There are two main types of anxiety that dogs (and humans) may experience: situational/temporary anxiety and persistent/generalized anxiety. A generally anxious dog may also still become more anxious under certain circumstances. Even when Fido hears fireworks, goes on a car ride, or experiences some other distressing stimulus, he may be extra anxious.
In this short article, we will take a look at four common signs of anxiety in dogs, whether a temporary sign or persistent one and then how to treat these symptoms.
1. Making Messes in the House
Dogs who destroy furniture or your favorite pair of shoes have something in common with the (otherwise potty-trained) dog who pees or poops on your floor–these destructive behaviors are a sign of anxiety.
For some dogs, these behaviors only occur in response to something specific, such as distress over a favorite family member going out of town.
Other dogs can just seem like generally bad dogs, making a mess of the house every time they are left alone.
In some cases, this behavior can be in response to a health condition, so it’s important to check with a vet when there is a change in behavior. For example, if Fido never has accidents and then starts peeing on your favorite rug, he may have a urinary tract infection (UTI).
For the anxious dog making a mess, regular training might not work–after all, your doggy is already potty trained! Instead, desensitization or counter-training are the go-to tools of doggy whisperers.
Desensitization involves regular, intentional exposure to the upsetting stimulus. For example, if Fifi throws a fit every time Eleanor leaves the house, Eleanor can go outside for a minute and come back in, offering a treat or reward. Then, the time Eleanor leaves slowly increases. The same approach often works with sounds (start quietly) or dogs who fear certain people or other dogs (start with safe, gentle socialization).
Counter-training still involves rewards but redirecting the dog’s behavior toward a more desirable one. For example, if Spot freaks out when Timothy goes to school, then jumps all over him when he gets home, get Little Timmy to greet Spot with a treat in hand and have him sit, calm for a couple of seconds, then receive the reward.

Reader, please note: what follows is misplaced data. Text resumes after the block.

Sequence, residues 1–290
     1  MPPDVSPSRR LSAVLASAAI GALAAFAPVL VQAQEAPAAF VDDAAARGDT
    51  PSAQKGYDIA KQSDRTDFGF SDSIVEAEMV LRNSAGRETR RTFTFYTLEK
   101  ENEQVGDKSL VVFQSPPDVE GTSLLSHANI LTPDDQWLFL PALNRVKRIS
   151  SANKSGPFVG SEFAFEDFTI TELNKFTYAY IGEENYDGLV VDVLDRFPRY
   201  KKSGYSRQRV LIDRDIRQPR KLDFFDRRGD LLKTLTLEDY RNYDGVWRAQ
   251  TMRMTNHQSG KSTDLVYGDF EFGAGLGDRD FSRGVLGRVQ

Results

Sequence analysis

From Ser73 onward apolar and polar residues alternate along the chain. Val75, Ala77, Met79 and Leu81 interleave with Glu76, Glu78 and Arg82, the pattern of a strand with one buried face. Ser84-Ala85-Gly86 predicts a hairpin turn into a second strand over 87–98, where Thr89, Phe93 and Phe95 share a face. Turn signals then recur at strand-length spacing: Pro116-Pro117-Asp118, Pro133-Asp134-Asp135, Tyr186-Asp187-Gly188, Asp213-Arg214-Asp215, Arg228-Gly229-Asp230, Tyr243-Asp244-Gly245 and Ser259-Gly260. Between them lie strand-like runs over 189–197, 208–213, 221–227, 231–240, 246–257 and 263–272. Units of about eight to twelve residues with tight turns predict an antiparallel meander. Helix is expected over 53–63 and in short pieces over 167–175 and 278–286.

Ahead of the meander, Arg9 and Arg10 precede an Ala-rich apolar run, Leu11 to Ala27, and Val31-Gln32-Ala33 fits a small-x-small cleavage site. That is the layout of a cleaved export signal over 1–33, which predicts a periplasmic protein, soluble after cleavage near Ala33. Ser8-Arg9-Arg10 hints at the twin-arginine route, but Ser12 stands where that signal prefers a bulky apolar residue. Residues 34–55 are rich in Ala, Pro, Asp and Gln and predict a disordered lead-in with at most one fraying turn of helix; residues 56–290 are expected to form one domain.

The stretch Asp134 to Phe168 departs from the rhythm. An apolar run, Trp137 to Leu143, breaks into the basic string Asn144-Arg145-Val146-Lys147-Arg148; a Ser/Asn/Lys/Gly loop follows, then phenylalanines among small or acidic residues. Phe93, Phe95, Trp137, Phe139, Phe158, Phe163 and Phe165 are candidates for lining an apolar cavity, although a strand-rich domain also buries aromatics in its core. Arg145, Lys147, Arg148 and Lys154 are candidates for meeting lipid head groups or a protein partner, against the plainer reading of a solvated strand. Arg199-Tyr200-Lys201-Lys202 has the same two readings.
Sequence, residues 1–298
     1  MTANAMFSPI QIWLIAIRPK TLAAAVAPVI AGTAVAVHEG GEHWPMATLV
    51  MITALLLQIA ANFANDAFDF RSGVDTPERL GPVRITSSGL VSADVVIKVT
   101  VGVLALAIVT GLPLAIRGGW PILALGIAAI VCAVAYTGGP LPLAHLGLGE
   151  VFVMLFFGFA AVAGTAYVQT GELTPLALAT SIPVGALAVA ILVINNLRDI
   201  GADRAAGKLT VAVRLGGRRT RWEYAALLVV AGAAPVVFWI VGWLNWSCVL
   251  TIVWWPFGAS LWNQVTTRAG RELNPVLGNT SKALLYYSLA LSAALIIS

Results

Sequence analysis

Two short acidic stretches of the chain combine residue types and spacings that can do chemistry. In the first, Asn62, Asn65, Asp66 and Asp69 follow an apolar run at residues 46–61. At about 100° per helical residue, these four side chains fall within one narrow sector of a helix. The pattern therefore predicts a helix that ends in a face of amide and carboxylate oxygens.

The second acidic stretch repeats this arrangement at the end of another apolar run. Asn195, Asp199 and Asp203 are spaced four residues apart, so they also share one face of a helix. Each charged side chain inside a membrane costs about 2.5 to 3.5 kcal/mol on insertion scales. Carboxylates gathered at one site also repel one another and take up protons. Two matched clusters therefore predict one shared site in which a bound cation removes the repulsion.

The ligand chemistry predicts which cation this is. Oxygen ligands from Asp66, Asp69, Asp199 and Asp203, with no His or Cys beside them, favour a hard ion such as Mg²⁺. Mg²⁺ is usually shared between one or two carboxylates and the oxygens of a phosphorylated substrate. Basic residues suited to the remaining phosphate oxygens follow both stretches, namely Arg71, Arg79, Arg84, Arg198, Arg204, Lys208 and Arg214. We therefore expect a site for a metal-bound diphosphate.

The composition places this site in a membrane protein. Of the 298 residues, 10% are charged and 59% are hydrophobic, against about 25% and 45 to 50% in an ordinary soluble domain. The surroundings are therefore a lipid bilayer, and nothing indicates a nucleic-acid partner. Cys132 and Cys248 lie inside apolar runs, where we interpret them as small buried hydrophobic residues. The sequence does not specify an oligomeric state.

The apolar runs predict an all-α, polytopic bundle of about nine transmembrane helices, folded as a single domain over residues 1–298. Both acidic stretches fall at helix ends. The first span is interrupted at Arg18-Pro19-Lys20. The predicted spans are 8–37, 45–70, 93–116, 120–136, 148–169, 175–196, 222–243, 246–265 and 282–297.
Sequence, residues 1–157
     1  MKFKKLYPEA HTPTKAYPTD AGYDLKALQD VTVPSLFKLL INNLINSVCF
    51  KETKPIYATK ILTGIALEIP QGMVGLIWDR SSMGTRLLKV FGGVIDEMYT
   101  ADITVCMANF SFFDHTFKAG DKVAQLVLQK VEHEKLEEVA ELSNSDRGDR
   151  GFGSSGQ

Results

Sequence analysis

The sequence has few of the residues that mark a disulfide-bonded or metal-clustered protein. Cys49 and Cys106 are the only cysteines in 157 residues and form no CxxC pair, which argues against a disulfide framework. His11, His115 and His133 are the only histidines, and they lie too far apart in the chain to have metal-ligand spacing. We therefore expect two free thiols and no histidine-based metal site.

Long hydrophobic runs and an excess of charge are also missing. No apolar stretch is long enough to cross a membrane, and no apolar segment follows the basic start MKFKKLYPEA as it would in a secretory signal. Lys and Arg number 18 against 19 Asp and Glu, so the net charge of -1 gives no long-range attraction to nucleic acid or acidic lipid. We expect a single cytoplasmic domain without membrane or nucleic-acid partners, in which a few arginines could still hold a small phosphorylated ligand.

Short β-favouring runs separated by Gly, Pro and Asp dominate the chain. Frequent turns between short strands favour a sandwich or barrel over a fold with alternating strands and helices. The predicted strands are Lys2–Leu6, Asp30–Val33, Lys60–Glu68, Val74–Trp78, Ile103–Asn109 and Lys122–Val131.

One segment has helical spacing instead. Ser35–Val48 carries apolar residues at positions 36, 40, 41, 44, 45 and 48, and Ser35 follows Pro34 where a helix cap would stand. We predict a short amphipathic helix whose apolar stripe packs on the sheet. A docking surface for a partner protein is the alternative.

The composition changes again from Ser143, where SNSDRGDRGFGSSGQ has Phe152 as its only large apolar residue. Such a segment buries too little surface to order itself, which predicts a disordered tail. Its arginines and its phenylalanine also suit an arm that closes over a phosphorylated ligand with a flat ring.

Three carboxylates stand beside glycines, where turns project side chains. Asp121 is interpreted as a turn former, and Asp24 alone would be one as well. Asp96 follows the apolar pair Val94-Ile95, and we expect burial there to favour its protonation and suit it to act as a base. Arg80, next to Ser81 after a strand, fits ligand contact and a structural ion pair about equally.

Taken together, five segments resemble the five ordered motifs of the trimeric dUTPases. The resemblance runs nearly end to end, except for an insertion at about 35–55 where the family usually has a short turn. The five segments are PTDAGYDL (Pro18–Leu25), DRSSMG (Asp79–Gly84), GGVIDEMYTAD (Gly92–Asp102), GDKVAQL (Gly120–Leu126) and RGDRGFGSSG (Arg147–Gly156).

Over time, these approaches train an anxious dog to expect a reward in response to a (previously upsetting) stimulus.
2. Barking and Aggressive Behavior
An anxious dog who barks, chases, or bites humans or other dogs can be dangerous, so the situation should not be ignored.
But this behavior is most likely also just a sign of anxiety!
Socialization and training (like the desensitization described above) can help an anxious dog.
One important note: reward-based training is important to use with anxious dogs. Not only does reward-based training generally work better than punishment-based training, but punishment can make an anxious dog even more fearful.
3. Doggy Depression
A listless, cowardly, always-sleeping, or otherwise depressed dog may actually be an anxious dog. Depression can be a sign of anxiety in dogs.
If Buddy starts acting depressed unexpectedly, seek the advice of a vet. Depression can be a sign of another underlying medical condition.
If Coco lost her favorite playmate or toy, some depression might be expected. But if she doesn’t seem to recover, and instead becomes more anxious after an upsetting experience, it might be time for doggie supplements.
Dog treats with CBD work great for training, but can also return homeostasis to the endocannabinoid hormone system.
Separation Anxiety in Dogs
Separation anxiety can occur exclusively as a result of separation from a trusted loved one, or generally anxious dogs might express even more anxiety over separation.
Separation anxiety symptoms include:
- Howling or barking when friend or owner leaves
- Howling or barking upon return of loved one
- Pacing, drooling, growling, or otherwise expressing distress when loved one is not home
- Inability to sleep without loved one present
- Aggression, destruction or using the bathroom indoors when loved one leaves
- Urinating when loved one returns home (also called “submissive urination”)
Separation anxiety can be difficult to treat. Situation avoidance works for some anxiety (like not being around fireworks if Max is afraid of them). But it can be virtually impossible for a dog to never be away from a trusted owner.
Desensitization and counter-training can help a dog experiencing separation anxiety.
Some owners have shared success using CBD to treat dogs with separation anxiety. As mentioned above, CBD can help restore homeostasis, bringing Bailey naturally into a calmer state.
Generally, the best CBD for dog anxiety is an oil that can be administered daily at the correct dosage.
Our CBD tinctures for dogs are completely natural, specially formulated for your furry friend. Give them a try for your anxious pup!